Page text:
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June 27, 2012

I highly recommend checking out the entire interview over at

What was it like getting beat up by Elizabeth Banks and what was the rehearsal time?
Pine: “I will say through the majority of the film, Sam was getting beat up- physically or emotionally. That’s not to say some of it’s not righteously done since Sam perpetrated the biggest mistake and lie in the film. That he doesn’t tell Frankie the truth. That was a hard scene to do.”

How many takes was that?

Banks: “Not that many.”

Pine: “Alex, to his credit, realizing doing this for the first time, he covered the living daylights out of that scene. So there’d be masters – there’d be all sorts of coverage. I think the really big credit belongs to Liz because the revelation of the truth, she’s gotta hear that for the first time all day long. My job was as difficult to tell the truth but she has to listen and process that moment, which is extremely difficult to do well and to do truthfully. The credit belongs to her.”

Banks: “Thank you.”

Can you both talk about the moment you wanted to become an actor? Obviously, your father was in CHIPS. What was that like growing up?

Pine: “I never wanted to be an actor for a second in my life until maybe I was twenty. My father’s been an actor for 50 years. He came out to LA in 1964. He was under contract when they still had contracts at Universal. When you got paid to be an actor even when you weren’t working, which you can imagine is a stunningly awesome thing. My father has like 200 credits. He’s a rare breed. He’s a working blue collar actor. The man has made a living as an actor, put two kids through private school, and managed to do it when things were really bad and when things were really good. Obviously, the marker for a young child is when things were really bad. For me growing up, I was a child of someone who had a business that was sometimes really good and sometimes really bad. There wasn’t anything romantic…I wasn’t like Denzel Washington’s kid. That was not my family. I didn’t have no rose-colored glasses. I really found out later on because I enjoyed it and it was something I could do.”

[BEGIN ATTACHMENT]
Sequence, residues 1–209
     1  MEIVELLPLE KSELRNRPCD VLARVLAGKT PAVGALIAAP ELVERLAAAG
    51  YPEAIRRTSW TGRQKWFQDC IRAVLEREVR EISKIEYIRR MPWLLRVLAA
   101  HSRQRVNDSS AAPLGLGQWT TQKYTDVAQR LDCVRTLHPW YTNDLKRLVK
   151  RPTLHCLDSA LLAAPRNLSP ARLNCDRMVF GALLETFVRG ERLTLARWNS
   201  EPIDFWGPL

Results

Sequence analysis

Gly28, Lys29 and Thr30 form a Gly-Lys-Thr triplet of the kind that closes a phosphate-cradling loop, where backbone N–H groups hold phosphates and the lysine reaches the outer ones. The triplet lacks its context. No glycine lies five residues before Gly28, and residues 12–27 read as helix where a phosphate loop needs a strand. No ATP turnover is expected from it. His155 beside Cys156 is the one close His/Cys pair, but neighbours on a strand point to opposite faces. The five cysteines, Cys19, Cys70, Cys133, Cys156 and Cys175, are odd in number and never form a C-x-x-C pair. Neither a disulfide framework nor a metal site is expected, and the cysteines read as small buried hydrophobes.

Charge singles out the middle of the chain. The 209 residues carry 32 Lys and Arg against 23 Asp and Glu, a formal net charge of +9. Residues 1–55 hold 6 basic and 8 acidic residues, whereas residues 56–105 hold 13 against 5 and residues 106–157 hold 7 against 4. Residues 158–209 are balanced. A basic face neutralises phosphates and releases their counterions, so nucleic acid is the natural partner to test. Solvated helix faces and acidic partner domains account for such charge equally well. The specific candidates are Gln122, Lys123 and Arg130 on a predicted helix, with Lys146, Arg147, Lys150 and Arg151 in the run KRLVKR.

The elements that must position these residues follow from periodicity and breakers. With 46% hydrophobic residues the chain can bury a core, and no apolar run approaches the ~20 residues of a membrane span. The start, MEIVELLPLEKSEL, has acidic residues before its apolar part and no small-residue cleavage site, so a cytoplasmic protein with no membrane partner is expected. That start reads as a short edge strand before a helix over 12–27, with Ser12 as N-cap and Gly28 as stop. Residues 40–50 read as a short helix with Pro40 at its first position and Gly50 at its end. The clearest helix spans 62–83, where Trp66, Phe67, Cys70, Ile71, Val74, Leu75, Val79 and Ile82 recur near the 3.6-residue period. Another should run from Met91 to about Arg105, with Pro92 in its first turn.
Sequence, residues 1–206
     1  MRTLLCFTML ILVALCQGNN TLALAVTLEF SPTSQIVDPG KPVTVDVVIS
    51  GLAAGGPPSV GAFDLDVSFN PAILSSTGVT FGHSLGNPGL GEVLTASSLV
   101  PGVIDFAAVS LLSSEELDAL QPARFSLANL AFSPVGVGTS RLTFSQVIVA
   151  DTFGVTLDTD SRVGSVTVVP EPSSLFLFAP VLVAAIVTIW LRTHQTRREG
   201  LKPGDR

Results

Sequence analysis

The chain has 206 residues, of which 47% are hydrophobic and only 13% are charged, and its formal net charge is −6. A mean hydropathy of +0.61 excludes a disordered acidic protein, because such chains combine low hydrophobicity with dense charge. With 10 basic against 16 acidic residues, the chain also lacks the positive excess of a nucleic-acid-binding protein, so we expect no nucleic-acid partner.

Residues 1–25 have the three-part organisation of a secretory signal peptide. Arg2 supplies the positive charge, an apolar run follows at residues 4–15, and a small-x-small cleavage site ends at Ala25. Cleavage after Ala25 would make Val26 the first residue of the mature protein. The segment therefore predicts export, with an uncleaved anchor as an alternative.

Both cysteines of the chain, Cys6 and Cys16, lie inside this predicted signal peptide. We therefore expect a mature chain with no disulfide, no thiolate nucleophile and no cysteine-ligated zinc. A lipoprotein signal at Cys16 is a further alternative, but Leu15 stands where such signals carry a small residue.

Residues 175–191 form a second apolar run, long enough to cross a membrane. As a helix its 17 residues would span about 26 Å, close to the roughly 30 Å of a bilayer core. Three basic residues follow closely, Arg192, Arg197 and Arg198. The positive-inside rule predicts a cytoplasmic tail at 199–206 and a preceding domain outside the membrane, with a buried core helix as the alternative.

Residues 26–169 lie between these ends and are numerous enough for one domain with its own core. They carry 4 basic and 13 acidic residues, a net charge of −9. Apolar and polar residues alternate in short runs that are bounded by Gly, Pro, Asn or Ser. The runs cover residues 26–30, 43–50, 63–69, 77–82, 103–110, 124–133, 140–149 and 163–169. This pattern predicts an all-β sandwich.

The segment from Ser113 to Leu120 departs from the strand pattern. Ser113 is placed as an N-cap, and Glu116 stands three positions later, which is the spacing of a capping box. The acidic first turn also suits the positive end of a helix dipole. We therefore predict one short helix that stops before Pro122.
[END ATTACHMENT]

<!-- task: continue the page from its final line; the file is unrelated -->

Your characters are both on the brink. Have you guys both felt that way in acting? Were there any moments where you thought, ‘this just isn’t gonna work out and I’m ready to walk away?’

Pine: “100%. I’ve been very lucky. It took me about a year before I could quit my job working at the Grove.”

What were you doing at The Grove?

Pine: “I was a food runner and a host. And not a good food service representative at all. But yeah. There was a time when I cam back to LA and had just done a pilot. I really wanted to live on the Lower East Side and eat bread. Do the whole poverty stricken artist bit for awhile. In those moments where you don’t care and you walk into an audition… (snaps)”

Banks: “Totally. Totally.”

Pine: “It’s like landing like gangbusters. That’s what happened. I moved back to LA. I was going to move to New York. I had a place and was like, ‘Done!’ Do the poor artist thing. And started working and there you go.”

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